However, this also calls for greater responsibility for the Nigerian population. A public health physician and founder of TalkHealthNaija, Dr. Laz Ude, told The Guardian that the new evidence that COVID-19 can be airborne, makes it more imperative for the Nigerian people to adhere strictly to the COVID-19 infection prevention guidelines, especially the use of face masks, maintenance physical distancing and avoidance of crowded places.
Ude observed that drivers and flight operators should respect all the infection prevention and control protocols while passengers should also decline boarding of crowded vehicles or flights as a sign of citizens taking responsibility for their health.
He said, “Nigerians who suspect that they have the infection already should call their state hotlines for testing. Those who cough should stay at least two metres away from others where possible or cough into their elbow.”
According to experts, the scale and dynamics of the spread of COVID-19 means that the health of everyone depends on individual actions or inactions.
Given the ongoing community transmission in the country and the resumption of interstate travel, increased movement will mean that there is a higher risk of infection even for those who have not travelled.
According to PTF, unless necessary, we should continue to avoid interstate travel as this poses a greater risk to people who are vulnerable to COVID-19 that is, people who have underlying health issues such as diabetes, asthma, cancer which weakens their immune system or are over the age of 50. Any infection may cause who may have severe complications or even die possibly lead to death from the disease.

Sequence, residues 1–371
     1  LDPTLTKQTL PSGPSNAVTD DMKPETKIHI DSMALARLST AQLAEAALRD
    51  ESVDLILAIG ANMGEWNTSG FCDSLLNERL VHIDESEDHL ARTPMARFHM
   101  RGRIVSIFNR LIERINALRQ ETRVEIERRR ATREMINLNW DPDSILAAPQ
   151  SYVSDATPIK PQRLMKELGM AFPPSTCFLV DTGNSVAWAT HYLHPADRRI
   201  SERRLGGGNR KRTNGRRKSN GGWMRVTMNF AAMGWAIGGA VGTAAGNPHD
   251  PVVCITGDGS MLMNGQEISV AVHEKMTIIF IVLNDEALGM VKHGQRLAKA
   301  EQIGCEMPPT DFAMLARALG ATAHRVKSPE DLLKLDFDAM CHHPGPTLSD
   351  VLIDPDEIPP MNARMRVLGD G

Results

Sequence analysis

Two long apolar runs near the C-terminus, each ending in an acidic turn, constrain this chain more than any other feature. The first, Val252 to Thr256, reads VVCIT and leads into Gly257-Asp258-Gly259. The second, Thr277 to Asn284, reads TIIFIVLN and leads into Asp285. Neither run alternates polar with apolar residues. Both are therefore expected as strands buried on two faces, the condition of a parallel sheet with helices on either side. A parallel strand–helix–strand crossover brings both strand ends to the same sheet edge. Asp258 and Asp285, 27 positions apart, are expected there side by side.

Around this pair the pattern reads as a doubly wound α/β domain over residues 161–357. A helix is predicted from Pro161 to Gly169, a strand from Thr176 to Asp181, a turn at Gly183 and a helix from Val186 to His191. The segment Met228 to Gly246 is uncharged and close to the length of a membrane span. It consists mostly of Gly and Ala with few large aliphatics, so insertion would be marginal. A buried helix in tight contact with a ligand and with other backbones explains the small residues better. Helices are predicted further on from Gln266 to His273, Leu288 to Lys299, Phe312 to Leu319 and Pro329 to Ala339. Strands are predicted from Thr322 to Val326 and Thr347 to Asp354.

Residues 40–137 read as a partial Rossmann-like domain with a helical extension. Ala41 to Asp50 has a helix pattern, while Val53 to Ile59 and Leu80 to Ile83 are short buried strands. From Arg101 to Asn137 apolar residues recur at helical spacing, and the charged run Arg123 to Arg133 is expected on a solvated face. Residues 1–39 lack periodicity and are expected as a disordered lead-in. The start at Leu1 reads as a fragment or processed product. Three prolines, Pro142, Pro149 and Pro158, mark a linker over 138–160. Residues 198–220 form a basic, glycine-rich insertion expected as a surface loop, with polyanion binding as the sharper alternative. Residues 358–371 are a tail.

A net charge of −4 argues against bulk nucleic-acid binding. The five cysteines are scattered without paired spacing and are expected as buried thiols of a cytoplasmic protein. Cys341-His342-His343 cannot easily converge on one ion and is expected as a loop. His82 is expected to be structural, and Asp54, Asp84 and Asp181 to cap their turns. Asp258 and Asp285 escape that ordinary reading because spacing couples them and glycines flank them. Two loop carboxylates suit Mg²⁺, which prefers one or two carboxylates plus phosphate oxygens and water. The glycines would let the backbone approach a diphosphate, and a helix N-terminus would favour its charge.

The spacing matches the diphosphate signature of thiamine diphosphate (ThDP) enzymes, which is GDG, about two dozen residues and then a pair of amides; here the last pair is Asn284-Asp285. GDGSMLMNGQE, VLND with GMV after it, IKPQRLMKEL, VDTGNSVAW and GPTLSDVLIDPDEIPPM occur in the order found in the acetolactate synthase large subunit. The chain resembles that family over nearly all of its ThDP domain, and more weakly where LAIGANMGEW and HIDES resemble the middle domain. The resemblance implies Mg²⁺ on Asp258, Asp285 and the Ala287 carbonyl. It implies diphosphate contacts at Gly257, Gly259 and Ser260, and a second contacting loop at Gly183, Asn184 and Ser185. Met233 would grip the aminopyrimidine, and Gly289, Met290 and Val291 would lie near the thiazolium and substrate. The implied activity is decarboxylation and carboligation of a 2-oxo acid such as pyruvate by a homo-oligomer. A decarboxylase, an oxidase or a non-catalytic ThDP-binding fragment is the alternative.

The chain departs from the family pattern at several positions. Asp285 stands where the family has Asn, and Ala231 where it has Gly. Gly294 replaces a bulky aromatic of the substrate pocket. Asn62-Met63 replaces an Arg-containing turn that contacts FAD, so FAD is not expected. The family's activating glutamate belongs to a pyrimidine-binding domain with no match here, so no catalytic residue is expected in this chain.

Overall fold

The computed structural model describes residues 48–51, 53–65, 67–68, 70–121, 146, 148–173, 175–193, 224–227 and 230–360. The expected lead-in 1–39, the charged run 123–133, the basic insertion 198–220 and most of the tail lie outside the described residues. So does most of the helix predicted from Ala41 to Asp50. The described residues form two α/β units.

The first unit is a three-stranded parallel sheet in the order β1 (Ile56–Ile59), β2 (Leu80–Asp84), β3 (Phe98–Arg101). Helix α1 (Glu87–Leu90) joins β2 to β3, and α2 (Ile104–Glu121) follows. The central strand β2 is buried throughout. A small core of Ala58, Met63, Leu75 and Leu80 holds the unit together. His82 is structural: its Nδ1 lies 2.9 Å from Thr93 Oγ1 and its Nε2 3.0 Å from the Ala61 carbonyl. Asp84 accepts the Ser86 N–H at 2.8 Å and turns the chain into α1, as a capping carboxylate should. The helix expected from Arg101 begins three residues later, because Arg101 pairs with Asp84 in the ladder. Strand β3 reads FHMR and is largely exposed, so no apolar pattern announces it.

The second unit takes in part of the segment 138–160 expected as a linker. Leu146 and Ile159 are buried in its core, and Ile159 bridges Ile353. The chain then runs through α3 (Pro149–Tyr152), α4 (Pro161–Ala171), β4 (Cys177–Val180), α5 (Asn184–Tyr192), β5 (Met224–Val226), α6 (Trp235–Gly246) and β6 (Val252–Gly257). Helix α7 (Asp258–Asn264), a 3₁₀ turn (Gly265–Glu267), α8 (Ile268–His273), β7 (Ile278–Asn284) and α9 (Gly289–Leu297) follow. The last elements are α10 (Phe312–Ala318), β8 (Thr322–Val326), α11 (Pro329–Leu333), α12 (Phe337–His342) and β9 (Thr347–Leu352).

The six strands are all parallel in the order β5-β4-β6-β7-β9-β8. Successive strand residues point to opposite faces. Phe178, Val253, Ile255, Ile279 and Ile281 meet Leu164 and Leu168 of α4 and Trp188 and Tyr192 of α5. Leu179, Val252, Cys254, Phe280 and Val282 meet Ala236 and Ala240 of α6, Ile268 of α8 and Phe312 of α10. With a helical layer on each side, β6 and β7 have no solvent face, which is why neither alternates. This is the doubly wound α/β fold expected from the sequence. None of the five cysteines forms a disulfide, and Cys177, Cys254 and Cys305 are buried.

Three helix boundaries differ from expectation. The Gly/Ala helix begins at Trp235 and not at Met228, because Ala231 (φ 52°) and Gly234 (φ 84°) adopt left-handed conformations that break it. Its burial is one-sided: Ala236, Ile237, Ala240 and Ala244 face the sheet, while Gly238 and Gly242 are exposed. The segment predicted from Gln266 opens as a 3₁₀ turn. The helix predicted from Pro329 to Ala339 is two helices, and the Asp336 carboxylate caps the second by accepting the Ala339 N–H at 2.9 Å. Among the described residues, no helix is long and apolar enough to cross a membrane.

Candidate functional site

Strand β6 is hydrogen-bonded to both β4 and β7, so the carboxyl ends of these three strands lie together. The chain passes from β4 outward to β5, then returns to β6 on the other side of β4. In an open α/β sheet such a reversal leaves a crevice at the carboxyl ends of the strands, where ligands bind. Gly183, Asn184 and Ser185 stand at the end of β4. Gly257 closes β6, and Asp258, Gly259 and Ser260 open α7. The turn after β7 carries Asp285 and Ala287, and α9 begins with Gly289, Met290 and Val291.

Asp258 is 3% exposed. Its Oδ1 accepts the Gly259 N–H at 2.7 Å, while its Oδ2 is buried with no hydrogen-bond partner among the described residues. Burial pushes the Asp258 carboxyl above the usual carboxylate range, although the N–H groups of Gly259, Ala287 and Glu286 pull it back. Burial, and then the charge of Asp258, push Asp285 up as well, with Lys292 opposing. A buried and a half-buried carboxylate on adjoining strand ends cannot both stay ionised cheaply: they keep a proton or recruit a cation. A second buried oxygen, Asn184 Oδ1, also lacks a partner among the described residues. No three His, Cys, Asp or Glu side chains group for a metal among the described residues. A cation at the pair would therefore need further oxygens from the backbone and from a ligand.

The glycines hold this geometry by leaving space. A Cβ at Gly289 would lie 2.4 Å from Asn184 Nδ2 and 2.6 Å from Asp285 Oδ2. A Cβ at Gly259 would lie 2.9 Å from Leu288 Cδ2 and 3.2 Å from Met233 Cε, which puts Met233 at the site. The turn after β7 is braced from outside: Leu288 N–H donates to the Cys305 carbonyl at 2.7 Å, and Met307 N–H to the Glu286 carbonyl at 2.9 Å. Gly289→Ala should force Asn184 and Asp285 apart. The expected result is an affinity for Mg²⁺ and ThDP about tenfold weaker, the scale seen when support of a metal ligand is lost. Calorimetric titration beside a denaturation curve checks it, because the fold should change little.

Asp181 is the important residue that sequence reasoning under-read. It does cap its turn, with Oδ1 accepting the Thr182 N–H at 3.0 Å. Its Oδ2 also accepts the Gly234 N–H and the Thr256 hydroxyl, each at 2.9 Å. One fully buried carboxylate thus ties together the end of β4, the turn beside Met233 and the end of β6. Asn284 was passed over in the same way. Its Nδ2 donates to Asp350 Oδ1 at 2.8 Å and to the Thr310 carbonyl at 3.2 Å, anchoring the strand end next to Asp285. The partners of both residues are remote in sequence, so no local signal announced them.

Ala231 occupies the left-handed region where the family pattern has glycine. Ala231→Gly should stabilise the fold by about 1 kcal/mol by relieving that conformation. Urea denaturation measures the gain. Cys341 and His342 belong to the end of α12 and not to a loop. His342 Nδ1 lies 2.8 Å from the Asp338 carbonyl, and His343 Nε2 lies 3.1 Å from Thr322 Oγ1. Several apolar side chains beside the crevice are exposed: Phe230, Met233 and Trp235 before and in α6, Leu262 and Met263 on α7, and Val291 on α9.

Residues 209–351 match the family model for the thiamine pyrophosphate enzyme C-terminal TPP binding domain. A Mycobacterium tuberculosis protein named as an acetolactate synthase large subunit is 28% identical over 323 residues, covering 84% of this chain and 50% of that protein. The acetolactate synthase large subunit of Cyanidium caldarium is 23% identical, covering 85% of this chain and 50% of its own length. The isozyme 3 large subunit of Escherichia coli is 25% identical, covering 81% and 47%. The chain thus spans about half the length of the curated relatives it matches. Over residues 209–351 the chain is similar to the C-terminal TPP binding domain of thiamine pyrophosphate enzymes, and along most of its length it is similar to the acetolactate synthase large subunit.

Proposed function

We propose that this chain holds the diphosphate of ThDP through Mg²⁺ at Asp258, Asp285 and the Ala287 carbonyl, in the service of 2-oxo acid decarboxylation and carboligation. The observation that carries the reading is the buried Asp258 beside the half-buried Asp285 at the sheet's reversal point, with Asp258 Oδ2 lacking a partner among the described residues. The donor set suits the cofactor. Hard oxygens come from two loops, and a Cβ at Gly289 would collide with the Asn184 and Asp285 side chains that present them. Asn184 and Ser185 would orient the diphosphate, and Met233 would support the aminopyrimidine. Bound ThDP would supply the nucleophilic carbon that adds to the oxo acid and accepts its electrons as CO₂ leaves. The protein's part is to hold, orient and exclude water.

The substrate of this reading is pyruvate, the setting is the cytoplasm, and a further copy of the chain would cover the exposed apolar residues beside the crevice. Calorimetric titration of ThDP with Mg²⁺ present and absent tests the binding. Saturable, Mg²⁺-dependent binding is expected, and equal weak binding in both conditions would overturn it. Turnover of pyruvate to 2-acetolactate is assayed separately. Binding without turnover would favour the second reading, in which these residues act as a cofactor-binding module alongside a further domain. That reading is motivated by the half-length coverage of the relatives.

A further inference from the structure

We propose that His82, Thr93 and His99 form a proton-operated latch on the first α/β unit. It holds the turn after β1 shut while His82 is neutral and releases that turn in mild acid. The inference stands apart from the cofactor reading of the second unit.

Statistics on the impact of COVID-19 on the elderly population emanating from other countries like Italy, United Kingdom and United States also shows that a significant percentage of their elderly population has been hardest hit by COVID-19 and many have had severe complications or died with nursing homes being the hardest hit by the virus.
According to the NCDC, three out of five people who die from COVID-19 in Nigeria are 50 years old and above. As there is no known treatment for COVID-19 yet, cases are managed based on the symptoms they present on admission or develop during treatment; it is the immune system that fights off the virus that causes COVID -19. For people in this vulnerable group, this could be a herculean task for their body.
To put this into perspective, these are our parents, friends, siblings, uncles, aunties, and grandparents whom we love dearly. Therefore, as interstate travel restrictions are lifted and places of worship have re-opened, there is the need to continue to discourage misinformation on COVID-19 particularly those shared on social media platforms and only share information from trusted sources; help our loved ones grasp the grave impact that COVID-19 could have on them and importantly; help them understand the need to adhere to preventive measures as recommended by the Federal Government.
Experts insist that being proactive about hand washing, the use of masks in public and observing physical distancing will go a long way to ensuring that Nigerians break the cycle of transmission and reduce the fatalities nationwide due to this pandemic.